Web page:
I was driving through Minneapolis on July 11 on my way to an assignment in Pennsylvania. Although I was on a schedule, I felt compelled to stop at the memorial to George Floyd and pay my respects.
After putting the address into my GPS and winding through the streets of the city that was literally burning for weeks, I found the neighbourhood where George was murdered. A few blocks are cordoned off around 3641 Chicago Ave. — now referred to as George Floyd Square — so I parked near a residential street. Along the way, homes built at the early part of the century displayed homemade signs tucked into their manicured lawns: Black Lives Matter, I Can’t Breathe, Unite.
I walked around the corner and saw the side of the Cup Foods convenience store. It was decorated with a stunning mural of George, with the names of other Black and Indigenous peoples killed by police written in a black halo behind him. In front, there were plastic flowers, candles, notes, random items and graffiti from the remnants of a war that changed the world. I took a breath and a moment to acknowledge his life — and the tragedy that unfolded here just over a year ago.
It was sweltering hot outside. I heard the echoing voice of a Black preacher giving an inspiring sermon to a crowd a few metres away. A dozen or so others wandered around the sprawling memorial, taking in the colourful artwork and the scene of where George took his final breath when white police officer Derek Chauvin pinned him on the ground with a knee to the neck. All because George was suspected of using a counterfeit $20 bill to buy cigarettes at Cup Foods.
I stood there studying the spot outside the store and freely took a drag of my cigarette. Thousands of flowers and other tributes — art depictions, inspiring messages and a huge black and white painting of George — lay silent, but the message was loud. Did he know his life unleashed a long-needed revolution around the world? His murder and the global protests that followed kindled the hopes of countless people of colour. Hopes that the roars of justice chanting “Black Lives Matter” were enough to jar the world into admitting there’s a bloodthirsty racism problem that we need to face and eradicate — yesterday.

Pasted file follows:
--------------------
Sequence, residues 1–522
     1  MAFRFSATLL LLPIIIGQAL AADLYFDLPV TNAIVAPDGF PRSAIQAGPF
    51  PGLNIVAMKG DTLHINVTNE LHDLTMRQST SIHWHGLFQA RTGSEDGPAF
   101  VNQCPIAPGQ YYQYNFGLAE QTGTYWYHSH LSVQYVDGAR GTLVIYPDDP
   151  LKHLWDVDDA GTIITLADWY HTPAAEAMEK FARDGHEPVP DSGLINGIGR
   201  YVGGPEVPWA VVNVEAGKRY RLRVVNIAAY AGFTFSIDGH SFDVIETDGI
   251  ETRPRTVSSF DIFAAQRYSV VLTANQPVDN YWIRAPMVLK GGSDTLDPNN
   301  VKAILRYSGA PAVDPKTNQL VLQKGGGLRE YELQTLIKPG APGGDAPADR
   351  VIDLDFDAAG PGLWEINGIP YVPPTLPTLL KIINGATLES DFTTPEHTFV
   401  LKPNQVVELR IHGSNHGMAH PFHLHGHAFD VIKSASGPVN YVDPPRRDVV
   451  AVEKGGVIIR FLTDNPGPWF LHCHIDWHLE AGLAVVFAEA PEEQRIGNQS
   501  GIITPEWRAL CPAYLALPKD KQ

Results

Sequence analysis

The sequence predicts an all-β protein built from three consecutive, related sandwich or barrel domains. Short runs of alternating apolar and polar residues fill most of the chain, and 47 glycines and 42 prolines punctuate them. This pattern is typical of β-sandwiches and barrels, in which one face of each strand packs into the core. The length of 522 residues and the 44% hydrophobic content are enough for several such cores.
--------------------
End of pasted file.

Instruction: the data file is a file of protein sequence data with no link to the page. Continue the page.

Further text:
A black-and-white portrait of Martin Luther King Jr. is staked into the ground in the middle of a traffic circle, decorated with the portraits of other murder victims and framed by rows of wildflowers. Before King was assassinated, he led powerful marches in streets across America for equality. His legacy carries on, but his vision still hasn’t come to pass.
George Floyd’s death and the aftermath shook me up: at last, people gave a crap about oppressive white systems and their violence to racialized people. Maybe this would kick-start a revolution for people to march with Indigenous peoples for equality too. It was heavy; it was ugly — the protests, the fighting, the fires. But it was the birthing of the end to the status quo.
The preacher’s voice in the background spoke of forgiveness, and not holding on to the bitterness of what others have done to you. Because if you do, he said, that keeps you a prisoner of hate, which is far more destructive than the pain of racism and inequality.
That doesn’t mean you don’t demand justice, or that you sit back and take abuse. You take a stand, you march in the streets, you ally with your brothers and sisters who are taking bullets and having the life choked out of them just because of the colour of their skin. But you do it with love — and love can be passionate; it can be strong and enduring.
I felt the love there at that place. It was run down and the buildings were boarded up, but it was beautiful. Decorated in prolific art, poems from the heart, flowers that never die — and the spirit of freedom of the revolutionaries who believe in a better world. Rest in peace, George.
Brandi Morin, an award-winning French/Cree/Iroquois journalist from Treaty 6 in Alberta, is a freelance contributor for the Star. Reach her via email: email@example.com